However, despite my misgivings about the ending, I did enjoy reading the novel. And I will say that I didn’t find the ending immediately disappointing after finishing the book. I just considered how it might have been better after I reflected on it for a little while. As I said, Morgenstern’s world is incredible to explore, and the writing really makes it pop. I think this book is certainly worth your time, especially if you’re looking for a story that is somewhat Gaiman-esque, and I am very much looking forward to seeing what other stories Morgenstern produces.

Short Story Sunday: Inter-Exo

So last week I said that I had a post in mind before I decided to share “The Cheater’s Guide to Love”. This is not that story. I found out earlier this week that my friend Julie Steinbacher had her first short story published, so I thought I’d share this with you all instead. I promise I will eventually get to the classic that I was initially going to share…

Inter-Exo is a story about teenagers who have grown up in a society where they have to live in exo suits for fear of catching a disease that might kill them. They are learning to explore and come into their own bodies, the way we all do, only with the added complication of spending most of their time encased in metal.

Double Future: A Review of The Peripheral

If you want to boil The Peripheral down to its bare essentials of plot, it is, simply put, a murder mystery. A woman named Flynne Fisher witnesses another woman’s murder while she is playing bodyguard in a simulation that she thinks is a video game. The woman in question turns out to be the sister of publicist Wilf Netherton’s former client and lover Daedra West. Together, and with the help of some friends, they have to work to ID the murderer before he manages to kill Flynne and silence her testimony.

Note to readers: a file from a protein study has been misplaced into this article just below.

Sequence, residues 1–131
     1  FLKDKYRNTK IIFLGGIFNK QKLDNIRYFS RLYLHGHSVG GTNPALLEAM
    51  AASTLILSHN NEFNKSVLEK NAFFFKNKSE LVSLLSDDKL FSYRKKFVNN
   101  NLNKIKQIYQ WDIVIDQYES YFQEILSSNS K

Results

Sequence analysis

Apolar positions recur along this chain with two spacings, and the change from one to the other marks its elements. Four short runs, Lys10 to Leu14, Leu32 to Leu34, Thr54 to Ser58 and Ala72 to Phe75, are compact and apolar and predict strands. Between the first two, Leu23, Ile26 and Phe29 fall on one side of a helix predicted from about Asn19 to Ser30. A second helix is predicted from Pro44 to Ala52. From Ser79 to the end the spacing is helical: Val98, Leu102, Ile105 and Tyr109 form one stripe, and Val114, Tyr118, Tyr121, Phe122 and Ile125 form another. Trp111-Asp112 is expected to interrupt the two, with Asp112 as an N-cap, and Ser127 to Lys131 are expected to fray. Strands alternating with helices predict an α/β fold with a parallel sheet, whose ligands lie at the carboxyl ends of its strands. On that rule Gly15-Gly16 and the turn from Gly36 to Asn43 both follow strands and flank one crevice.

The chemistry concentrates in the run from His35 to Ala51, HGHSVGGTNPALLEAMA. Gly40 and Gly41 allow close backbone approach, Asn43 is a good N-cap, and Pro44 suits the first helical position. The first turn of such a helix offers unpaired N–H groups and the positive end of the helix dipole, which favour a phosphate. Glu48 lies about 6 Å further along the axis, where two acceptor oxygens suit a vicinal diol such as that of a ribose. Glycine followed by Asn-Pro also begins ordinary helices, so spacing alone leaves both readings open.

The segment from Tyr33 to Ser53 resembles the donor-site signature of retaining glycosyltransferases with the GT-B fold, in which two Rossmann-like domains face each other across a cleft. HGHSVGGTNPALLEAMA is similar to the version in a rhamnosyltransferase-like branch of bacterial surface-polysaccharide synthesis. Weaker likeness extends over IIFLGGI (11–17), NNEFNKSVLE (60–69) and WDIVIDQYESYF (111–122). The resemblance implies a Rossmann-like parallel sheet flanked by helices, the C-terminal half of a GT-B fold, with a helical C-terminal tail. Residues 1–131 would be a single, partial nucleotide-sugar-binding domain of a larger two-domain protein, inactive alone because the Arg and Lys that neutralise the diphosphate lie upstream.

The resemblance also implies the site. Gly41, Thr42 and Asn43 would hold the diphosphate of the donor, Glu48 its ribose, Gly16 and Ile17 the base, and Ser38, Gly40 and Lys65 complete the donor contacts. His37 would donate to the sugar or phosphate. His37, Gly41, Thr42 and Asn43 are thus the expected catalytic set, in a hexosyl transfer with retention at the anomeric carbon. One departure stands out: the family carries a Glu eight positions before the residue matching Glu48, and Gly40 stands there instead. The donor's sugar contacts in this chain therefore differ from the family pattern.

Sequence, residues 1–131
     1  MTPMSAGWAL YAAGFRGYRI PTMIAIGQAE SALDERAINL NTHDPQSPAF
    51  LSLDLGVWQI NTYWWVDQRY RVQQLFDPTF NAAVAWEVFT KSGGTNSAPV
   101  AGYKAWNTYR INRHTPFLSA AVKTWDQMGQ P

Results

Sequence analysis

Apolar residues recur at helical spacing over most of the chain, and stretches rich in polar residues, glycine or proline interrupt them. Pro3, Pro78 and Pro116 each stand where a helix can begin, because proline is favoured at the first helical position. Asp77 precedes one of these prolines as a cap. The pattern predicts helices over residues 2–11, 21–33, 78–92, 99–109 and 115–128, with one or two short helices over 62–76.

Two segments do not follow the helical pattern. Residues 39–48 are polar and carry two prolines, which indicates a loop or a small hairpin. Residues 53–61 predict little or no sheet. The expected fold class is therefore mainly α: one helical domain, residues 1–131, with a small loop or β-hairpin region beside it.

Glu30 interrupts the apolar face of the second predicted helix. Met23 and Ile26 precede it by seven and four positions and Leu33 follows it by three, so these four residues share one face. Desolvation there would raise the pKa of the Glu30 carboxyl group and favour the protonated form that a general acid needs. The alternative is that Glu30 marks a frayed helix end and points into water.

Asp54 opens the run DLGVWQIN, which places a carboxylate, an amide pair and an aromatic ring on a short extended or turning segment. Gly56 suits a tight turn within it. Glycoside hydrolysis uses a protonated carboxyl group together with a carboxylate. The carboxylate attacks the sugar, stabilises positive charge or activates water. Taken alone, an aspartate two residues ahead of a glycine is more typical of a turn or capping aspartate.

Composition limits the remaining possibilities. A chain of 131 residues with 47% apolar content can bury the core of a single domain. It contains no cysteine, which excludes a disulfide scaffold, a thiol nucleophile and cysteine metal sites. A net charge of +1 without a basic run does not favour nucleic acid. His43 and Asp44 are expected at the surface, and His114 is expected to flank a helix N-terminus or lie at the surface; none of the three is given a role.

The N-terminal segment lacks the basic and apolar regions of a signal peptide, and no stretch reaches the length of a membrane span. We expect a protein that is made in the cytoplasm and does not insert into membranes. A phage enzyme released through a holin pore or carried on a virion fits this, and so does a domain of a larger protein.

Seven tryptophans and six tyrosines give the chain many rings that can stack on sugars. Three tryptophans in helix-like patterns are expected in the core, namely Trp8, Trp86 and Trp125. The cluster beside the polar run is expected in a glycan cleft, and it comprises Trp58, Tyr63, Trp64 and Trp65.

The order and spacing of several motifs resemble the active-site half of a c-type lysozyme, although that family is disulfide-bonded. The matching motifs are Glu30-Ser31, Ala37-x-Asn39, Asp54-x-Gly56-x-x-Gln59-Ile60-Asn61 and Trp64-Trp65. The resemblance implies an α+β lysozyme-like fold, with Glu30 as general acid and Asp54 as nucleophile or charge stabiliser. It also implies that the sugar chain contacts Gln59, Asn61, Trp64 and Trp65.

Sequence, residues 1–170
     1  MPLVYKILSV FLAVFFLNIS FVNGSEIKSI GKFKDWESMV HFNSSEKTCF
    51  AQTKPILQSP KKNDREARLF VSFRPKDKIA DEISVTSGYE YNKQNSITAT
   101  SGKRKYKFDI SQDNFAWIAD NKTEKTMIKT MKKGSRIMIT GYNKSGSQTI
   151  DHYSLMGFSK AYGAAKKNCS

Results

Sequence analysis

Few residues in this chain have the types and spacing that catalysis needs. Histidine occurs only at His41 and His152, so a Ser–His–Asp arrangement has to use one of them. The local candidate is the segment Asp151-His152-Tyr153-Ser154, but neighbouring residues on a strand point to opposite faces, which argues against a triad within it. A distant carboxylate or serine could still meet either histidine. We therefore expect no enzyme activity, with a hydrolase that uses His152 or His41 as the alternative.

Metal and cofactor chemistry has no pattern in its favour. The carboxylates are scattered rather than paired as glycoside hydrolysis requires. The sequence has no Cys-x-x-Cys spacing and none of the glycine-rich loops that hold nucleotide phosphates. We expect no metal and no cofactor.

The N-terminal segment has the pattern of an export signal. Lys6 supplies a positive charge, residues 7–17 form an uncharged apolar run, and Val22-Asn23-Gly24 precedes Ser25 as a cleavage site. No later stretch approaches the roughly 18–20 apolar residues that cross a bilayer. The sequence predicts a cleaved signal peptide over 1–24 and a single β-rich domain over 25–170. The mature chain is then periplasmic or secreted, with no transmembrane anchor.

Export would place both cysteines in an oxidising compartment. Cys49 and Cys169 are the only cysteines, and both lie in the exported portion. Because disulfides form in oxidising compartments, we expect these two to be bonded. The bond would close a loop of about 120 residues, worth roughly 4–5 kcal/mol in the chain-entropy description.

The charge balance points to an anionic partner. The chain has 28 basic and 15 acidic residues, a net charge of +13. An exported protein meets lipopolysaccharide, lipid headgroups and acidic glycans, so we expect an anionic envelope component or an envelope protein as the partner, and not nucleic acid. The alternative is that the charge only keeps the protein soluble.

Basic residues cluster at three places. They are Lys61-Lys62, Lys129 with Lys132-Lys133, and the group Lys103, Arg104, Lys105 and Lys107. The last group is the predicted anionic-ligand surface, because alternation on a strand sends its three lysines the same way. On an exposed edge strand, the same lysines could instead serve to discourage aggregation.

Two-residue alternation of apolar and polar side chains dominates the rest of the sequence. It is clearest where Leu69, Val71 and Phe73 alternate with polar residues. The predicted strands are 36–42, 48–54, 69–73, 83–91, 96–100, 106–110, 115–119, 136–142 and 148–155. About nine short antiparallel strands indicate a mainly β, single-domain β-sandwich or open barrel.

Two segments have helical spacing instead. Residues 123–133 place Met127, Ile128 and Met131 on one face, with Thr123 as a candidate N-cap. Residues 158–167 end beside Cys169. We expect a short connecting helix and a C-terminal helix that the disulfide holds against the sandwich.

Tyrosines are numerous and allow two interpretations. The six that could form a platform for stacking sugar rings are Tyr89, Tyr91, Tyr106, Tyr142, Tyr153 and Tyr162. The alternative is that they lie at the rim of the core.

Of course nothing of Gibson’s can be so simply summarized. For instance, to call Neuromancer a heist novel would completely miss the point. Much of what made Neuromancer so great was the writing (and the genius of bringing stylized noir writing into a sci-fi work) and the brilliant vision of the setting, and The Peripheral is similar in this regard.

The story takes place in two timelines, one in the far future at around 2100, and one in the near future of the 2030s. Flynne lives in the near future at the time when the world is starting to fall apart. She lives in rural Virginia, an area that makes most of its income from “building” or the drug trade, which, along with everything else, appears to be largely assisted by 3D printing. Work is scarce, and she makes her money playing on virtual reality video games for wealthy people who are willing to hire good players as well as “fabbing” (or printing) products. She also mentions that she was going to join the army, which her brother and all of his friends who lived in the area did, only that her mother got sick and she didn’t feel she could leave. This seems like one of the few ways people can escape from the county, at least for awhile.